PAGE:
Simon Callow in Tuesday at Tesco

Rating (out of 5)
Show info
Emmanuel Darley (writer), Matthew Hurt, Sarah Vermonde (translation), Simon Stokes (director)
Simon Callow, Conor Mitchell
Running time

The original French production of Emmanuel Darley’s one man play entitled “ Le Mardi a Monoprix” was a box office hit in Paris in 2009. Now translated into English, this is the British premiere.
The vast thrust stage of the Assembly Hall is encircled by a giant ring surrounded by a scattering of small black meteorite rocks, and in the centre, a glass panel is decorated with glittering stars beneath a tree of bare branches. Emerging into this dimly lit, surreal space, a female figure with long blonde hair slowly appears, with a sense of insecurity in her tentative. mincing steps.  
“Everybody stares at me on Tuesday” she addresses the audience, in a sharp accusative tone. “Stares at me out of the corner of their eye as if discreet, but not at all actually.”
But we do stare and observe intently.  This is Simon Callow dressed in a tight T shirt, short skirt , wig and high heels, in the role of a buxom, middle aged, transgender woman.   
Pauline, formerly Paul, visits her widowed father on Tuesdays to take care of his housework and accompany him to Tesco for his weekly shopping. He is gruff and ungrateful -  “Where did you learn to hoover?” ;  She is a loving, caring daughter - “I do what I have to do.”  He has lost a son, she has lost a father.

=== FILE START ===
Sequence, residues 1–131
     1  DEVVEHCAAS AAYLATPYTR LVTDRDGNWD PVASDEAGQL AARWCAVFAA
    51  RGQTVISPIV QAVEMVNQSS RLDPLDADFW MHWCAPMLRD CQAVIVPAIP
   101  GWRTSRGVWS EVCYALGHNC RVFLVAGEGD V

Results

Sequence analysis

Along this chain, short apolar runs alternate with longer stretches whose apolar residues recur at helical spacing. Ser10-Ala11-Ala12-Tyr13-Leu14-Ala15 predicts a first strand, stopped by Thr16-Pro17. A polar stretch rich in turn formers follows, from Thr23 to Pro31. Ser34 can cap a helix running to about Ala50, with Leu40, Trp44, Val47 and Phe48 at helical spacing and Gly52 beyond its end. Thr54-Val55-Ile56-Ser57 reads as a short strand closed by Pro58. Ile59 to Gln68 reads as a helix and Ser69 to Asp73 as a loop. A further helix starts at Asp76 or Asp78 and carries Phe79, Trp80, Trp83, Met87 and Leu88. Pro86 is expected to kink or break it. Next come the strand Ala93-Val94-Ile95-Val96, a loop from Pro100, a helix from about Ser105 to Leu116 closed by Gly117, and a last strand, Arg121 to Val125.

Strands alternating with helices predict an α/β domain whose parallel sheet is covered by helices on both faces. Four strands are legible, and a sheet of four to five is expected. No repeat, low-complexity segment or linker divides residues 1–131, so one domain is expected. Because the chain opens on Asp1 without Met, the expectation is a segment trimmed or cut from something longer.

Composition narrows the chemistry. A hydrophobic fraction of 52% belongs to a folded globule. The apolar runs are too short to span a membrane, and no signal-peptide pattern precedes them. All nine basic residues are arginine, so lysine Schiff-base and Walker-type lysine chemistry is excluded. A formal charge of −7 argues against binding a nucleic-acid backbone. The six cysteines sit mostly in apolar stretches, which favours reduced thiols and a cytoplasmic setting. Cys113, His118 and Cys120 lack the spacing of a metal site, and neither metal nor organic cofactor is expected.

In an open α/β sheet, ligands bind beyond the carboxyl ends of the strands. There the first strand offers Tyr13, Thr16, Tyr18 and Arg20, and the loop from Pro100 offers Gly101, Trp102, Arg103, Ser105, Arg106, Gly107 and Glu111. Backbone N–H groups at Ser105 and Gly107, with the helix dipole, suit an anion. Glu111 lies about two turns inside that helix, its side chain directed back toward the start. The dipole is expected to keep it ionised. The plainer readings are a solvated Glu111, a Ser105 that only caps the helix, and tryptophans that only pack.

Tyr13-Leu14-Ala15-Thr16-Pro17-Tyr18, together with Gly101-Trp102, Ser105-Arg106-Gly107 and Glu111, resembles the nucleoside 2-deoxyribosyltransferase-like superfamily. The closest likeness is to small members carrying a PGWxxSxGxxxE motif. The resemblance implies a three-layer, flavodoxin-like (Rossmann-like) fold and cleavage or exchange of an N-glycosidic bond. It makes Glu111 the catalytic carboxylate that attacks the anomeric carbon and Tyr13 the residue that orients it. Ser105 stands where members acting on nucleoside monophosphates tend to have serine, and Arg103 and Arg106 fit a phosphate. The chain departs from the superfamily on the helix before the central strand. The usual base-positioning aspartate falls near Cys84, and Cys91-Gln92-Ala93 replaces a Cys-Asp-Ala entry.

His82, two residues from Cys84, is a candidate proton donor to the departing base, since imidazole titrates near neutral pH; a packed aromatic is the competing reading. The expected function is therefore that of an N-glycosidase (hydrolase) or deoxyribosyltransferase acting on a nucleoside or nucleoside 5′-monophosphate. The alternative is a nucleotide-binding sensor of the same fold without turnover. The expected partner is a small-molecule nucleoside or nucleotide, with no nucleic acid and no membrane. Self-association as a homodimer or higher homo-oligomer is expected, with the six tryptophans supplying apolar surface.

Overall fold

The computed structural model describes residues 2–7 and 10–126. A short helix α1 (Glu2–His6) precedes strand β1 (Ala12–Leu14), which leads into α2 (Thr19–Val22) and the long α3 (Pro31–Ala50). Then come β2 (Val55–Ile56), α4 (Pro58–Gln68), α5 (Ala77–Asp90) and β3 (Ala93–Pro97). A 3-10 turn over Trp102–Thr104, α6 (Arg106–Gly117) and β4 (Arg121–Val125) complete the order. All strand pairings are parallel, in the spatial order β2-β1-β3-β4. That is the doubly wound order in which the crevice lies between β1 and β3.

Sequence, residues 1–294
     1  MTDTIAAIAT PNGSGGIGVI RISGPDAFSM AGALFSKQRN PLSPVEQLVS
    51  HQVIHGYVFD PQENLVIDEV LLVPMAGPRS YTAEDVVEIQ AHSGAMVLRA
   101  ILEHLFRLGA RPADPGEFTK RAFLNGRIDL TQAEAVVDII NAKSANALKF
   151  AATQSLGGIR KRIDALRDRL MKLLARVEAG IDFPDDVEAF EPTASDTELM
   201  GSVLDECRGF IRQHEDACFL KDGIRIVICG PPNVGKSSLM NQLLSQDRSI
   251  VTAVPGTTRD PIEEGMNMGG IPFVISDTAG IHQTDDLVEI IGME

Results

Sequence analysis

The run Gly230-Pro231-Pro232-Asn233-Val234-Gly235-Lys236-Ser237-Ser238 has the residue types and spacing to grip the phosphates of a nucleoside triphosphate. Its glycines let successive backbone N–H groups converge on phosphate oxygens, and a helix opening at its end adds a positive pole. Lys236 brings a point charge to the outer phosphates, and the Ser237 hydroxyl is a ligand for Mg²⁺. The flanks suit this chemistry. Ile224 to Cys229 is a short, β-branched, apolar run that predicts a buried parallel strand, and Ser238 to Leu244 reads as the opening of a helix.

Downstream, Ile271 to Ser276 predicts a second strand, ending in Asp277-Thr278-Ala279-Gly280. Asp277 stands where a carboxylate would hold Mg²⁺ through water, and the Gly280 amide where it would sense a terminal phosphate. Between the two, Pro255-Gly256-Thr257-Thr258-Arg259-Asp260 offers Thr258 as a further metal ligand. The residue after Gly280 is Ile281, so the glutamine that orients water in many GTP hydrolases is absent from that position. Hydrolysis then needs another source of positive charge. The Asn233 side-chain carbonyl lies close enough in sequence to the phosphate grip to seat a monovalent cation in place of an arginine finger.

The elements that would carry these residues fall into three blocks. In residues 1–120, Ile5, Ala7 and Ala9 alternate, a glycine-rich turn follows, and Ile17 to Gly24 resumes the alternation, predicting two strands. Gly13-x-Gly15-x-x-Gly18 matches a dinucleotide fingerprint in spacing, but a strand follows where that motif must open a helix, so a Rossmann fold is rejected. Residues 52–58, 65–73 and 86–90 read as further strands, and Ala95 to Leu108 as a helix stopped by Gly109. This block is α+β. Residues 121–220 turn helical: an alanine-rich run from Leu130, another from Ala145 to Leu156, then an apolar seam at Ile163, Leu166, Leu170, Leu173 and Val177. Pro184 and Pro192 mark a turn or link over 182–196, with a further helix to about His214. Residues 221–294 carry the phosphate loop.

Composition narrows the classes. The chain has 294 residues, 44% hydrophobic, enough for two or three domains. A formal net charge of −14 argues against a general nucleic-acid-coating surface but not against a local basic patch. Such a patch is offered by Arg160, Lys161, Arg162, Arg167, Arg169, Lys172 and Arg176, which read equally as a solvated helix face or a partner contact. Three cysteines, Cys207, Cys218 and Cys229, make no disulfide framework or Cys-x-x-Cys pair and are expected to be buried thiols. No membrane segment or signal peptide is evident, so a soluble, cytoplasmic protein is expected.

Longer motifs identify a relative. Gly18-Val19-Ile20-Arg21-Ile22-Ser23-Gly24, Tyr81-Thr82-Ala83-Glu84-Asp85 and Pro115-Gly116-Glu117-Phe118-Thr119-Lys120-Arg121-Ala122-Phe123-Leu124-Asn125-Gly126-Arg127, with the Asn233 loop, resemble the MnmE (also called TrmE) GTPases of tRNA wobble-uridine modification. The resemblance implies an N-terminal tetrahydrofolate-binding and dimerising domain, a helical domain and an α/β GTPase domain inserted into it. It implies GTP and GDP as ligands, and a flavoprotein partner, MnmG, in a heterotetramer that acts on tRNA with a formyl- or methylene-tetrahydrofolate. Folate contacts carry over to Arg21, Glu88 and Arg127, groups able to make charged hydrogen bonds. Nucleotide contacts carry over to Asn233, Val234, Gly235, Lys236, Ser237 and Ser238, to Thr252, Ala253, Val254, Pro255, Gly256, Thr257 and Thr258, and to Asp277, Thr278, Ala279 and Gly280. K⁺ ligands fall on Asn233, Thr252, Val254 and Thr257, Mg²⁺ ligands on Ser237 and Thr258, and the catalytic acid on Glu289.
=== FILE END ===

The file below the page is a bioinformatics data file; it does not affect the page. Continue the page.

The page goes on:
Pauline is indeed a tragi-comic character – this big bear of a woman proudly faces the embarrassment of stares by strangers, but privately reveals the hurt and pain of her sad, isolated world. Incidental live piano music occasionally shifts the rhythm and pace of the narrative, with moments of gentle humour as she illustrates her prancing march down the supermarket aisles or scenes of inner rage.  
This drama in miniature packs a few punches. But at its heart this is an intimate, poignant confession, like a soulful letter from Pauline to her father.    
Renowned for his theatrical style of acting specialising in effusive, colourful characters of Shakespeare, Dickens and Wilde, Callow’s distinctive forte is simple, compassionate story telling. This 75 minute monologue is a magnificent masterclass in the art of characterisation, voice, accent, gesture, subtle nuances of language, facial expression and heartfelt emotion.
Show times
2pm daily until 29 August (not 15 or 22).